By The Nation
On average, each Thai person consumes 25.5 teaspoons of sugar per day – four times more than the World Health Organisation’s recommended limit.
In response, the ministry on Friday signed a memo of understanding with health agencies to promote reduced-sugar beverages.
Thailand began taxing beverages that contain more than 6 grams of sugar per 100ml in 2017, noted Public Health Deputy Minister Satit Pituthecha. The tax is adjusted every two years in a bid to reduce excess consumption of sugar and to allow the industrial sector to adjust gradually.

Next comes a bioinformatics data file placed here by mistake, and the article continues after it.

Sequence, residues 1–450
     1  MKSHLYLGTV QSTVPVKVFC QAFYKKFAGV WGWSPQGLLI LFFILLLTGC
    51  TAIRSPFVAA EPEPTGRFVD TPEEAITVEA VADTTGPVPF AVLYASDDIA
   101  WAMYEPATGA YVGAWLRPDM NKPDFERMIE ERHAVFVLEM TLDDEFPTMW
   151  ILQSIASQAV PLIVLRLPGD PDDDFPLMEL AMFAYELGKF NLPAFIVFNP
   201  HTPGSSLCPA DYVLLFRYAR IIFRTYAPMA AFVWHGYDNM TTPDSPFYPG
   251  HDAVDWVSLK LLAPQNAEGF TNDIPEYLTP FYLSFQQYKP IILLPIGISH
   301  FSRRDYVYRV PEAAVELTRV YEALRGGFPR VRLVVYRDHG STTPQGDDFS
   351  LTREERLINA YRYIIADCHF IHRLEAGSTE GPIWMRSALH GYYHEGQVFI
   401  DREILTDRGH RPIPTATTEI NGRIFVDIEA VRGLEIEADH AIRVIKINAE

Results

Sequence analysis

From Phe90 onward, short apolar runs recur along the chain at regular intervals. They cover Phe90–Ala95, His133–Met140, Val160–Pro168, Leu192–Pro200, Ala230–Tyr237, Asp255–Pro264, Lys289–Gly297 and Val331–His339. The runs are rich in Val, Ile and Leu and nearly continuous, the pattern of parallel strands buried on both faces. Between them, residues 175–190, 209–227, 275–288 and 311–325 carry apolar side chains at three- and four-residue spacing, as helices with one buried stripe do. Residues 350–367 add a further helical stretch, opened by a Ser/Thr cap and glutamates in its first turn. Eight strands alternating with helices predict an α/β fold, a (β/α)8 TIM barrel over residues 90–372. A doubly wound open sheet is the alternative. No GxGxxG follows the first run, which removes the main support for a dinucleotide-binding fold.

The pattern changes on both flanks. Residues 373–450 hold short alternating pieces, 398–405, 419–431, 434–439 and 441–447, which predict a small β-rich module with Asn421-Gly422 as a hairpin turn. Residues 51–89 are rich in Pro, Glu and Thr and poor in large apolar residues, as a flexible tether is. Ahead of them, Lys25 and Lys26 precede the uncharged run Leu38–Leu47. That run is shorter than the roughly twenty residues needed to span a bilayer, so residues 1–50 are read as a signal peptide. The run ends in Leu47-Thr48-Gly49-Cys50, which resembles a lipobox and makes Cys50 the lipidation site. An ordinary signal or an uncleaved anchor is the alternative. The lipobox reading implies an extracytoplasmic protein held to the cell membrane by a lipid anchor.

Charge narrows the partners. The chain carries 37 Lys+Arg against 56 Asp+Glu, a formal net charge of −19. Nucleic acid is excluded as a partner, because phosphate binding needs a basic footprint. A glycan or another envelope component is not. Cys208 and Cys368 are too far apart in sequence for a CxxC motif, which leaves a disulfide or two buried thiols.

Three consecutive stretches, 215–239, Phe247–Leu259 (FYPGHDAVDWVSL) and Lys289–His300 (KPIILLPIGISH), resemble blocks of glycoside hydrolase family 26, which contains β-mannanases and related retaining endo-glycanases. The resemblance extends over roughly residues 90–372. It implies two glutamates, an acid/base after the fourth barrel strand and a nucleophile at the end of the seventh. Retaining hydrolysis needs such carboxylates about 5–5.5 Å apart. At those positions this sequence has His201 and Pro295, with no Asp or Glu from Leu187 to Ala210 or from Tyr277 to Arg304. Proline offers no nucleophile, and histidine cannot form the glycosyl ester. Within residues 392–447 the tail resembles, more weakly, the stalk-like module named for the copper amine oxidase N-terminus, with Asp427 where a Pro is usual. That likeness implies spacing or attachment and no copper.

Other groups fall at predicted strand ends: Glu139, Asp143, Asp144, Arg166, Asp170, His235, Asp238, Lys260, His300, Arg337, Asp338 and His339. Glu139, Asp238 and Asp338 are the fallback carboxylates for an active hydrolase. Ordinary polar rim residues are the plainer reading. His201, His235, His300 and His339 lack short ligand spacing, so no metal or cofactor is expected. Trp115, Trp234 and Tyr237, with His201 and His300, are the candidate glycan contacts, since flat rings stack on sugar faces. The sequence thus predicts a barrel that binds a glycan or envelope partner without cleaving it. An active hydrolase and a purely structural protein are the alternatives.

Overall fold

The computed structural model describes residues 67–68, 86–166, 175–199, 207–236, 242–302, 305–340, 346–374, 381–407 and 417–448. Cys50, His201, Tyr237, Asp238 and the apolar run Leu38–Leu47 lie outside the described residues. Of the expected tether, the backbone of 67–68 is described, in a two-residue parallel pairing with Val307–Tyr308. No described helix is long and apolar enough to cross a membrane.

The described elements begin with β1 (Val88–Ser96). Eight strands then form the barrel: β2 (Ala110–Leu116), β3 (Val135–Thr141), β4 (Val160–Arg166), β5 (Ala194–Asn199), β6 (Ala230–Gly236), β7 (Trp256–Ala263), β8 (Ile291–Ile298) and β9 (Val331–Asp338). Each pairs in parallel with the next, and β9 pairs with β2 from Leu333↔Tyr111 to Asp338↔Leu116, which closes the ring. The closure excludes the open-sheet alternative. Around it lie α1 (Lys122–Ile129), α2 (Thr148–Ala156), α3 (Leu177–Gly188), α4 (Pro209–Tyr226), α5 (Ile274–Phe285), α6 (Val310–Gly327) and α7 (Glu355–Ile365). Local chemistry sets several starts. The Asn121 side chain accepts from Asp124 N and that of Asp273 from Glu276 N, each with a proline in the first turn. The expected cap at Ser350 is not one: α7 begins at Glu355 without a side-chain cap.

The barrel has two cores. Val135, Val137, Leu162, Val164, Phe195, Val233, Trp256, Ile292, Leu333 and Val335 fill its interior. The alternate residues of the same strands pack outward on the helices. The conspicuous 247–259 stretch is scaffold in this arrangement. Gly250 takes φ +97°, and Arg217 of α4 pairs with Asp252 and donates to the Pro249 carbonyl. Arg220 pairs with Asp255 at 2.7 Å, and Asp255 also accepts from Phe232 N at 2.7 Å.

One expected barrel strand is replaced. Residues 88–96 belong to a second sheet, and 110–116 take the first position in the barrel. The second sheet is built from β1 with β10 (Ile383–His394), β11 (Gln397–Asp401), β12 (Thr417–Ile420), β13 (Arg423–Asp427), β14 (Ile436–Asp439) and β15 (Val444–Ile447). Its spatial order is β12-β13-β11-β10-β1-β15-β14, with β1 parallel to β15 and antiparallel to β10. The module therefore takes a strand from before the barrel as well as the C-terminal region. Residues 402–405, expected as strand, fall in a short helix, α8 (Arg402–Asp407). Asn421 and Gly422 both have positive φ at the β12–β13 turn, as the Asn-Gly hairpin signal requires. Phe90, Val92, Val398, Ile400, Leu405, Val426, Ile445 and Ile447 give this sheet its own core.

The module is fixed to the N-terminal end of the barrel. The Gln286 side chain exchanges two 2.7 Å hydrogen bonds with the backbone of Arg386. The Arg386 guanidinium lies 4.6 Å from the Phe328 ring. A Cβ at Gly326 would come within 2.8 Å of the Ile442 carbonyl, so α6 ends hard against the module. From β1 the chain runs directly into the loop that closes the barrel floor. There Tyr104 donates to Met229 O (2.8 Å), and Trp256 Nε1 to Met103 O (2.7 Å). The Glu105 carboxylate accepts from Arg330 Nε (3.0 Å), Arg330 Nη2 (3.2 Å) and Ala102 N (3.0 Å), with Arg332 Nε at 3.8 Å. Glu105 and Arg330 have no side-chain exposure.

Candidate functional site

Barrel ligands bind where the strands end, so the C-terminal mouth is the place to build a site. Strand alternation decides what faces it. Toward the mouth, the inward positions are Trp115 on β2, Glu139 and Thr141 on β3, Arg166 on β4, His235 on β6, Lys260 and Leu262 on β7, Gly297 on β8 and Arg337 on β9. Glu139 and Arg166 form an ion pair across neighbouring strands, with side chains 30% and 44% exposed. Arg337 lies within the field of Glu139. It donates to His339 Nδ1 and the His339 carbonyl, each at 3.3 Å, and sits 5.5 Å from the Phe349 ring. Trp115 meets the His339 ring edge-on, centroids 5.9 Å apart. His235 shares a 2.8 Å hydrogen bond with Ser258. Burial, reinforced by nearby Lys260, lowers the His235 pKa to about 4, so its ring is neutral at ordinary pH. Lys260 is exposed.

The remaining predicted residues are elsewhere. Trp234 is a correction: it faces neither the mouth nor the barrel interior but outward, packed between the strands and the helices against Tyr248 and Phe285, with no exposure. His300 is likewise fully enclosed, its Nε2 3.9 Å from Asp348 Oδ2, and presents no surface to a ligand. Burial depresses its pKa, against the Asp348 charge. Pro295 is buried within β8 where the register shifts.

The ministry aims to build health literacy among the public with health-promotion activities, lower-sugar recipes for drinks, and more responsible marketing.
Recent research by the University of Zurich found that consuming excess sugar doubles the body’s fat production in the liver. In the long run, this can add up to the development of diabetes or fatty liver disease.